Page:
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Senate Passes Border Bill After Rejecting House's Version

Pelosi says House won't send the Senate bill to Trump without changes
By Newser Editors and Wire Services
Posted Jun 26, 2019 3:33 PM CDT
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Senate Majority Leader Mitch McConnell, R-Ky., joined at left by Sen. John Barrasso, R-Wyo., and Sen. Joni Ernst, R-Iowa, right, speaks to reporters following the Republican Conference luncheon, at the Capitol in Washington, Tuesday, June 25, 2019.   (AP Photo/J. Scott Applewhite)

(Newser) – The GOP-held Senate on Wednesday passed a bipartisan $4.6 billion measure to deliver aid to the southern border before the government runs out of money to care for thousands of migrant families and unaccompanied children. The sweeping 84-8 vote came less than 24 hours after the Democratic-controlled House approved a companion measure backed by party liberals that was weighed down by a White House veto threat and bipartisan rejection by the Senate, the AP reports. The Senate vote sent the must-pass legislation measure back the Democratic-controlled House. Next steps are unclear, but while Republicans and the White House far prefer the Senate measure, House Speaker Nancy Pelosi is pressing for quick negotiations to merge the bills—and promising that Democrats won't knuckle under to demands to send the Senate bill directly to President Trump without changes.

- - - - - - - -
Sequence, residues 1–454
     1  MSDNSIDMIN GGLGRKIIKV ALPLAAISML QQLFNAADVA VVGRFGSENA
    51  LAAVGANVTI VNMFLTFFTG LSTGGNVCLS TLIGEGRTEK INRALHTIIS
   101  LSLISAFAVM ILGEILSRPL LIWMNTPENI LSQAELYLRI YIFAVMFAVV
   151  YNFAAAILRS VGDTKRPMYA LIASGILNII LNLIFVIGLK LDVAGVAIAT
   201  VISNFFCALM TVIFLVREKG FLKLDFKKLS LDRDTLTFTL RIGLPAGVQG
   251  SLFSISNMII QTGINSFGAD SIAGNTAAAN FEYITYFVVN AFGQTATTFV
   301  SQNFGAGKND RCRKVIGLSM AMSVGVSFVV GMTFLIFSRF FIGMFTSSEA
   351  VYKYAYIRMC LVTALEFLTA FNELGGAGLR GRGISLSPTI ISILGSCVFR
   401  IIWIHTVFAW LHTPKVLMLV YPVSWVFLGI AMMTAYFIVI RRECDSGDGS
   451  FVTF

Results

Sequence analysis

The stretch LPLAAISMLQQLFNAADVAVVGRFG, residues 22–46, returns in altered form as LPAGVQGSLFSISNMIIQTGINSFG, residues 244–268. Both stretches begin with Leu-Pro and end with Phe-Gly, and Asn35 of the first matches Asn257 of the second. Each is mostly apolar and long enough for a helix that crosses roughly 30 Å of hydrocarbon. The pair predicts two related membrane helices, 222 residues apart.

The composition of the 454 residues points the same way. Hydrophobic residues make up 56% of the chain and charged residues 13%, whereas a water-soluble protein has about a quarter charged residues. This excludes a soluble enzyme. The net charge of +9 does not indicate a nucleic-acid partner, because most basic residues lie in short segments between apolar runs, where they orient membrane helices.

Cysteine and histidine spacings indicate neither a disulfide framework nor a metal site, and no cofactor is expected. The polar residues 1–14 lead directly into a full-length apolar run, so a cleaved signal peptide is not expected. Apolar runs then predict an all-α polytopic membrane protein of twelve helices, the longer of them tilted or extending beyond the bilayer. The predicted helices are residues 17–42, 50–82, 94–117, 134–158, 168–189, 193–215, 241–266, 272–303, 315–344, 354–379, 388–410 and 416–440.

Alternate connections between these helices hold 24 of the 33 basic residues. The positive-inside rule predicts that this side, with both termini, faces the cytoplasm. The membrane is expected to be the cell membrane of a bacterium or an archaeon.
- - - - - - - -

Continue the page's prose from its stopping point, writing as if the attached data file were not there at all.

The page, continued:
Pelosi called Trump Wednesday afternoon to discuss the measure. "There's some improvements that we think can be reconciled," Pelosi told reporters. Trump said passing the legislation was urgent as he left the White House for Japan and he appeared to leave the door open for negotiations. "We are moving along very well with a bipartisan bill in the Senate," Trump said. "It's very far along and I believe the House is also going to also be getting together with the Senate to get something done. It's humanitarian aid. It's very important." The final outcome isn't clear. An impasse could imperil passage of the measure, which is needed soon before federal agencies caring for migrants are hamstrung by lack of money. But the Hill and Politico note that the Senate's passage of its bill sets up a fight with the House, and cast doubt on the idea that a compromise will be reached before Congress' weeklong July 4 recess. (More on the House and Senate versions of the bill here.)

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